Care for your pet like Vince the Vet


1. A correct diagnosis of osteoarthritis hasn't been confirmed by the appropriate tests first.

This is essential to avoid the wrong treatment being given for conditions which mimic OA, but which require a very different medical and / or surgical approach, such as ligament damage, autoimmune disease, Lyme's disease and septic arthritis, for example. Tip - use the free checklist in our Special Librela Report in discussions with your vet.

2. Effective Joint supplementation hasn't been trialled.

It's often assumed that if a joint supplement has been given and a noticeable improvement in mobility has not been seen as a result, then nutritional support won't help.

This however, is often far from the case for 2 reasons:

Firstly, not all products marketed for stiff dogs are the same. Most use glucosamine, chondroitin and green-lipped mussel which support cartilage, but do little, if anything, for all the other structures that need to be as healthy as possible for pain free movement. Vince the Vet Joints on the other hand, nourishes all parts of the musculoskeletal system, including muscles, tendons, ligaments, bone, cartilage, fibrous tissues, tendon sheaths, bursae and synovial fluid (joint 'lubricating oil). And this is why dogs typically become more active and playful, even when other supplements have had little or no effect.

Secondly, adding in carefully selected additional nutrients not found in ordinary foods, such as the botanical extracts in the Vince the Vet remedy Joint Support plus Recuperation can significantly boost the results, for the best possible outcome.

3. The value of bodywork is underestimated.

Therapies which realign skeletal structures to restore a healthier conformation and release painful knots of tension in muscles, subcutaneous fascia and elsewhere, can bring great comfort and relief to osteoarthritic dogs. This not only enhances the impact of nutritional support, it improves quality of life, and in some cases can delay the need for drug treatment.

4. Medication is often prescribed before it needs to be.

A combination of dietary changes, effective supplementation, bodywork, weight management, exercise regulation, hydrotherapy, physiotherapy, natural pain relief, weight management and other supportive measures can help stiff dogs remain mobile, active and comfortable for a considerable period of time. And when this is the case, drugs can be reserved until they are needed. This helps to avoid the risk of side-effects associated with many anti-inflammatories, painkillers and other medications, which can be serious in sensitive dogs.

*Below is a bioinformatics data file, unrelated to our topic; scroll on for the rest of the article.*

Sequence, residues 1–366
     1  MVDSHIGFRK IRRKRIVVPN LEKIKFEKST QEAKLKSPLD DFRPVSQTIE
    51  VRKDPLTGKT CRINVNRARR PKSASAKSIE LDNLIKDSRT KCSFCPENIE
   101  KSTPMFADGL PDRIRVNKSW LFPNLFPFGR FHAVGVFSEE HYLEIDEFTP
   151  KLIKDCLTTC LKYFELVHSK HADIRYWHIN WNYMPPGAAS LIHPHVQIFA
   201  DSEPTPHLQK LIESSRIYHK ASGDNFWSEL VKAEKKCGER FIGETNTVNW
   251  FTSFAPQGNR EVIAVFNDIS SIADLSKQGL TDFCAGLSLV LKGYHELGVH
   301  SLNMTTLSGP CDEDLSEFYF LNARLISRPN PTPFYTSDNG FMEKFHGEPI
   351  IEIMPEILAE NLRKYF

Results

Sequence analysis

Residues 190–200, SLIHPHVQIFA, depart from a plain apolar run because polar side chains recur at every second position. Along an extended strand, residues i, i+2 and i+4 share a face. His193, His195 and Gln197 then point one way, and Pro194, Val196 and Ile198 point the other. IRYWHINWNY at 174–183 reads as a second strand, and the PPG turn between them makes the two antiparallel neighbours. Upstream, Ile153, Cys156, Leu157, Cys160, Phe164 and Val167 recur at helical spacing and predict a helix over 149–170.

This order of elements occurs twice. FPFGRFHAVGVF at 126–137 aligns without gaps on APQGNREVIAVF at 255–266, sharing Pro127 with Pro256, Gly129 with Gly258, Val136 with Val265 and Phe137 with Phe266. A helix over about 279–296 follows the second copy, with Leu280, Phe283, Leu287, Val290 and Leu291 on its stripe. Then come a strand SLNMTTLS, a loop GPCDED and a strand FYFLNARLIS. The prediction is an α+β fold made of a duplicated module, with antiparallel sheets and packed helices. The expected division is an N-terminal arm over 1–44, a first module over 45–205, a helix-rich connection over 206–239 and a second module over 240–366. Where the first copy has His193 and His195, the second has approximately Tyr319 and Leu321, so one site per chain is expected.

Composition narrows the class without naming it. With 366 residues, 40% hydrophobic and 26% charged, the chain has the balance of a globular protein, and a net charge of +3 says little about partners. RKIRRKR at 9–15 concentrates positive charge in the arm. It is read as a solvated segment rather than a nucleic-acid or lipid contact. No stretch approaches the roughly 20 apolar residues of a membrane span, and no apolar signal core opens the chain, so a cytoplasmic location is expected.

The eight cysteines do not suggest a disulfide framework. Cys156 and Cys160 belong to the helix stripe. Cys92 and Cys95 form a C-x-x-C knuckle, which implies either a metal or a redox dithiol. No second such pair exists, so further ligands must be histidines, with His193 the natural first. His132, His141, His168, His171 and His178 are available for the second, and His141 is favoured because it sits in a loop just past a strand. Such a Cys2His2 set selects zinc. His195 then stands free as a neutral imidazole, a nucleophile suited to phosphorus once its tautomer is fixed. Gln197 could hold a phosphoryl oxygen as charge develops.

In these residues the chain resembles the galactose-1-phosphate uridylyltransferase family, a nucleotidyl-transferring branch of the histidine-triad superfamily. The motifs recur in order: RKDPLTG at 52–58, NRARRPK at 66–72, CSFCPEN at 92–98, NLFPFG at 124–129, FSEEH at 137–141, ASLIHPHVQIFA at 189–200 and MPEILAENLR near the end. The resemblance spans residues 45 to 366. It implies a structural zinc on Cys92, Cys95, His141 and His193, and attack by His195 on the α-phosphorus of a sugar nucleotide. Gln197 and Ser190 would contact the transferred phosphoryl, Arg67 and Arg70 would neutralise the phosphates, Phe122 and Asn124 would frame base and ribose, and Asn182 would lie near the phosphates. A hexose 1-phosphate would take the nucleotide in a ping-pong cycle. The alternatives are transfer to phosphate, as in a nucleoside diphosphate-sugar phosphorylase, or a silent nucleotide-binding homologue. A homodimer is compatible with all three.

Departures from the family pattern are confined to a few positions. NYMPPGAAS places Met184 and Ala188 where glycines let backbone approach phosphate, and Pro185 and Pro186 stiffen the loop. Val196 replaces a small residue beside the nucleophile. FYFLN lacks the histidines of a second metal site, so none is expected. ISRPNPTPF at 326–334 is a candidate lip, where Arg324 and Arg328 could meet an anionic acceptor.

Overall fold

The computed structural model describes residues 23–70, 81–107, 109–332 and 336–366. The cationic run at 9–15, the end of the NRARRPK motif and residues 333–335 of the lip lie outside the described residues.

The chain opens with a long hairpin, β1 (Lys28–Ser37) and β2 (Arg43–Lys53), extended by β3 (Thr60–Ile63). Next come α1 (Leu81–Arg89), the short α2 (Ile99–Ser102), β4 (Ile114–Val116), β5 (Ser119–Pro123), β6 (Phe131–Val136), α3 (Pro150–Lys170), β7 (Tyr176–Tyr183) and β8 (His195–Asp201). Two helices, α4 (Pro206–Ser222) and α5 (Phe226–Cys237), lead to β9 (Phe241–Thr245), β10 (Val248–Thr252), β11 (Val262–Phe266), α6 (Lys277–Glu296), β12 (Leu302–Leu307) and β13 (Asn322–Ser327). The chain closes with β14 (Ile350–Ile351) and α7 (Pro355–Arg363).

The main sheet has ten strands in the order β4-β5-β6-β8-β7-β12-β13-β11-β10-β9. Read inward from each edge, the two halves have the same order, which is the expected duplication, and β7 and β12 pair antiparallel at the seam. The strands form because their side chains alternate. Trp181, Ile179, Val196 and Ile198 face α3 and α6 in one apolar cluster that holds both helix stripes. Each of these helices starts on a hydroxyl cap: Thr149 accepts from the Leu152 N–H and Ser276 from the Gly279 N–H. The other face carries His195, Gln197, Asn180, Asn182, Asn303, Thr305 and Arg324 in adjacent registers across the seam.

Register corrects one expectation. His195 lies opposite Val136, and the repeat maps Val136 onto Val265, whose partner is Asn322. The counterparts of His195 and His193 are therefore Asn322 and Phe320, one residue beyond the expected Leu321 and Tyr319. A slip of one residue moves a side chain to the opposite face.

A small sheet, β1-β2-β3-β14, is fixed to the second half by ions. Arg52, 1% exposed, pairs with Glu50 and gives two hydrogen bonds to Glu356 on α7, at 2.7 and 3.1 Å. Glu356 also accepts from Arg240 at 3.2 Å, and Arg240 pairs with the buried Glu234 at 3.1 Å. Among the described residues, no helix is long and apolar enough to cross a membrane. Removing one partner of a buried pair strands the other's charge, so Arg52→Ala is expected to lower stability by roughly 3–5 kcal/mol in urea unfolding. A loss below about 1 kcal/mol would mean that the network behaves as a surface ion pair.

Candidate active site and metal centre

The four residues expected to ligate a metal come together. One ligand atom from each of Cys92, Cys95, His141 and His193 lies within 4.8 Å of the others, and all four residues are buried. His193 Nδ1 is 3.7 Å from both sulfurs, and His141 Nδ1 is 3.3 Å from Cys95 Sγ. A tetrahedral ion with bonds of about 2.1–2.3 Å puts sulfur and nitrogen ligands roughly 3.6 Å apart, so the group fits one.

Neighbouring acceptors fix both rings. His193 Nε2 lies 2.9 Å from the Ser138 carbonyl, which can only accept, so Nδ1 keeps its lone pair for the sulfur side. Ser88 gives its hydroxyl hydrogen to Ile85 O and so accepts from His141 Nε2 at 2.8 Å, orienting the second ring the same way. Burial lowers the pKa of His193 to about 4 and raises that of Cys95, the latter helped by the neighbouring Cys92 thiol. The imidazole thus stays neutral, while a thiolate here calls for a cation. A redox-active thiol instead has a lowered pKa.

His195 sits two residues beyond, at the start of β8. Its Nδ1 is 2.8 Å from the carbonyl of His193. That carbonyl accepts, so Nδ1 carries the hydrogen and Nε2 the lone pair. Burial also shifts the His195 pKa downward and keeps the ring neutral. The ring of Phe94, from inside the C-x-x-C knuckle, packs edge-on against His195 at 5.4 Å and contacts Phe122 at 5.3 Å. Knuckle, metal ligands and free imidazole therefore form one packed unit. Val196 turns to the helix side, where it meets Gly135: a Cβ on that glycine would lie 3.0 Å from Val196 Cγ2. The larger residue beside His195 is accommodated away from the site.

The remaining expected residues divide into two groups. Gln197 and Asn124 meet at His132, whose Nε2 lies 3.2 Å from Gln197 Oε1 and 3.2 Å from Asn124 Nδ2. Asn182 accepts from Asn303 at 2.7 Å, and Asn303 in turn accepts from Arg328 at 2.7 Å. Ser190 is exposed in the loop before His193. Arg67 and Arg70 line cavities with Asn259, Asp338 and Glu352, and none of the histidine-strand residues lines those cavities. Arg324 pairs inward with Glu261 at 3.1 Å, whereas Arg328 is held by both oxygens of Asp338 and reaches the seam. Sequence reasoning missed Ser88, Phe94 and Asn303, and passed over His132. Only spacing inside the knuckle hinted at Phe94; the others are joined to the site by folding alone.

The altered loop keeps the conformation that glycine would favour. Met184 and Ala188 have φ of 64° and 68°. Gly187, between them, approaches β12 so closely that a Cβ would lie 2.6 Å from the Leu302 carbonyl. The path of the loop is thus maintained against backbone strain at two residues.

5. Lack of awareness of the potential ill-effects of a new drug.

The clinical trials carried out before a new product is launched, typically provides a rough sketch of what a drug may or may not do when used in the pet population as a whole. Plus the risk and range of side-effects that appear during this phase of development, can be significantly altered by how the controlled environments are set up, and what monitoring is or isn't put in place. And so it's typically not until a drug is used on a much larger scale, in pets of widely differing ages, living conditions, health statuses, medical regimes etc that the full extent of any problems that can arise becomes evident. This however, takes time. It's often not until 5 - 10 years have passed that regulatory authorities such as the FDA in the USA enforce labelling changes on a manufacturer - as was the case with Apoquel in February 2021 (warnings re an increased risk of cancer and susceptibility to infection), 8 years after it was launched.

For this reason, it is important not to accept marketing claims at face value, even if a vet insists there are no adverse effects, without researching what is known, and what can be inferred from from a drug's mode of action first.